The Thousand-Year Ears

A Musical Blog

A note on recent studies

by copej

Half of this post is a little overdue. I’ll start there

I really enjoyed studying Aaron Copland and not only because we share a last name. One of my favorite movies is the Spike Lee 1998 film He Got Game. Here’s a short plot summary from Wikipedia:

Jesus Shuttlesworth (Ray Allen), a student at Lincoln High School from Coney Island, BrooklynNew York, is being pursued by the top college programs in the nation. His father, Jake (Denzel Washington), is a convicted felon serving time at Attica Correctional Facility for accidentally killing his wife (Jesus’ mother) by pushing her while arguing with Jesus at the age of 12. The father is temporarily released by the governor, an influential alum of “Big State,” one of the colleges Jesus is considering, so that he might direct his son to sign with the governor’s college in return for an early release.

It’s a really good film, and Spike Lee makes a very unexpected artistic decision by featuring the music of Copland on the soundtrack. Most of the action takes place in the  projects of Coney Island where Shuttlesworth lives. He’s not from a well-to-do area, and rap would seem to fit better with the plot. However, Spike Lee uses Copland to bring out the beauty in basketball. Many shots are in slo-mo and focus on the dexterity and smoothness of Shuttlesworth’s motion (it helps to have a future hall of fame NBA player as the actor). I suggest viewing the movie, and here’s a clip of the intro accompanied by Copland

The other half of my post also relates to the intersection of music and film. I’ll keep it short. At the end of class last Thursday, we briefly listened to Pärt’s “Spiegel Im Spiegel” and discussed it’s simple rhythm and melody using triads. However, the piece itself does elicit an overwhelming emotion when put in the right context. The recent movie Gravity is a 90-minute emtional rollercoaster, and the trailers feature Pärt’s piece; I think it’s very effective.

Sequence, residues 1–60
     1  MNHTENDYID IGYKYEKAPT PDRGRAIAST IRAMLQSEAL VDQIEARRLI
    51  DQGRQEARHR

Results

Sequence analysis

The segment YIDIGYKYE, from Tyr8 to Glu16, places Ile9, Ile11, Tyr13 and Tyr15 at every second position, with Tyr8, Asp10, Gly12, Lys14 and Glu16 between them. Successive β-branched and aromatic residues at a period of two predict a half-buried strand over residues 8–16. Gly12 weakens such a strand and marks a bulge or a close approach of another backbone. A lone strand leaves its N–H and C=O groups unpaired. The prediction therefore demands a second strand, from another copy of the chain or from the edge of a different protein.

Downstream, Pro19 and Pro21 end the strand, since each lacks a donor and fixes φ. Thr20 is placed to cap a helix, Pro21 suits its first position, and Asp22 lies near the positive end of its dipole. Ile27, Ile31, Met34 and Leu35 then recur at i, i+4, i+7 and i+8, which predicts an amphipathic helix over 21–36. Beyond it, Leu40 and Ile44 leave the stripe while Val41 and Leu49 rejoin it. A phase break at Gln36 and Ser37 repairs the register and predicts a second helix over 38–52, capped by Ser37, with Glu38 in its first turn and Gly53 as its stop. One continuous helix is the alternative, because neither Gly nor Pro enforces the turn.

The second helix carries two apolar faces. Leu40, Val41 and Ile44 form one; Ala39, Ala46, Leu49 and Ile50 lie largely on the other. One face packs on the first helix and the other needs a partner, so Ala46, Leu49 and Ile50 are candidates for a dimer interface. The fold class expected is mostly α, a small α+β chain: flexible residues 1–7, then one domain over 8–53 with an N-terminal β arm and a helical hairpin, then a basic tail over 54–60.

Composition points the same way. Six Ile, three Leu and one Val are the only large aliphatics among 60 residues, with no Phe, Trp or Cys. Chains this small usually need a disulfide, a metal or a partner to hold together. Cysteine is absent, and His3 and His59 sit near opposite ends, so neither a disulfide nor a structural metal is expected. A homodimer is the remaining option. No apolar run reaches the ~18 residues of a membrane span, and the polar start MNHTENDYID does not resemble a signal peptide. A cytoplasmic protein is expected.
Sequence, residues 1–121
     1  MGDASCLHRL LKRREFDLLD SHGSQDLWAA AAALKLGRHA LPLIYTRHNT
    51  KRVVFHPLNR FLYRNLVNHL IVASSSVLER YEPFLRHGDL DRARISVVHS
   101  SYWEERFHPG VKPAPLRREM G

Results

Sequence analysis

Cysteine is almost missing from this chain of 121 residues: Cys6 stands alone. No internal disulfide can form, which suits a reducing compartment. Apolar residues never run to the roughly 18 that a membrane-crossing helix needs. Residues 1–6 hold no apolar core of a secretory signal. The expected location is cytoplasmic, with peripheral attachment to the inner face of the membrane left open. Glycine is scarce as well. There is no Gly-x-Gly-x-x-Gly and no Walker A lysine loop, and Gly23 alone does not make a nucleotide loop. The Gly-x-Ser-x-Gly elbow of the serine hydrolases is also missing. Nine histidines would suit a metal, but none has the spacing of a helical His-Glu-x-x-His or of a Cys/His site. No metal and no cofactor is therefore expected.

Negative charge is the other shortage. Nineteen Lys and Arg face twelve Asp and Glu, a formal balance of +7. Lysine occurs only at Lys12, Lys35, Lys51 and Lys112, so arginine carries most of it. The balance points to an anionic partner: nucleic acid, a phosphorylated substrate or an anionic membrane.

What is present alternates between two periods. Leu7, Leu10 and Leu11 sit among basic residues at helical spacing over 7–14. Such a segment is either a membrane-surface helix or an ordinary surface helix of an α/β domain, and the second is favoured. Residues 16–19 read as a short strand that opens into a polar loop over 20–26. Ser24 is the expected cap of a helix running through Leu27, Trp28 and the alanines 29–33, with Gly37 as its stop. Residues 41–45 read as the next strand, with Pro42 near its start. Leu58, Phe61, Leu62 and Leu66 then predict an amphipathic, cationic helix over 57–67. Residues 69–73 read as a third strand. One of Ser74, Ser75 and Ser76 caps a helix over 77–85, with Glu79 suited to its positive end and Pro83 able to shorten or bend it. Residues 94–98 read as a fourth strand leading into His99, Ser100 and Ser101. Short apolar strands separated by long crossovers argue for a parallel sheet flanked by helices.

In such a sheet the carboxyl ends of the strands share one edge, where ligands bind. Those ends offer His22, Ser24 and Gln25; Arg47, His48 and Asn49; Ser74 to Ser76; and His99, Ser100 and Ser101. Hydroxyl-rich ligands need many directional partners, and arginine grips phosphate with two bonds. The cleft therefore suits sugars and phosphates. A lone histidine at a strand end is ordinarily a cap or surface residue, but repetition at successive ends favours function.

What do you all listen to?

by Jungreis

Maiden
Zeppelin
Nightwish

I’ve posted too much on this topic this term to go beyond that as my response. What do you all typically like? More importantly (to me), what did you like before this class started? Did you like classical music like Beethoven and Bach? The Beatles and The Stones? Were you more into whatever they have playing on Q102 than anything else? (Q102 is the pop music station in Philly. Someone programmed it as a preset in my car, and I don’t know how to change it — the preset, not the radio station.)

I’m mostly interested in the true level of interest in classical music among my classmates. I’m a musician, so even before the class began, I knew about a lot of the composers we’ve studied. I knew that there were pieces that I liked and pieces that I didn’t like. (I also knew that their music became markedly better when it was played on a guitar; there is a clear cause for such bias.)

I’m listening to music right now, and it’s not classical music. It’s “The Test That Stumped Them All” by Dream Theater, so toss DT on that list up top. (The song is about a difficult psychiatric diagnosis, and it still strikes me as an odd song to listen to around finals time.) There’s music from the term that I’ve liked, yet I suspect that none of it will make it into my standard listening regimen. (That’s kind of sad.)  I think that I’m too into guitar-based music for that to happen unless my girl records versions arranged for a guitar.

What do you all like? Do you think that any of the music from Music 30 will make it to your main rotation?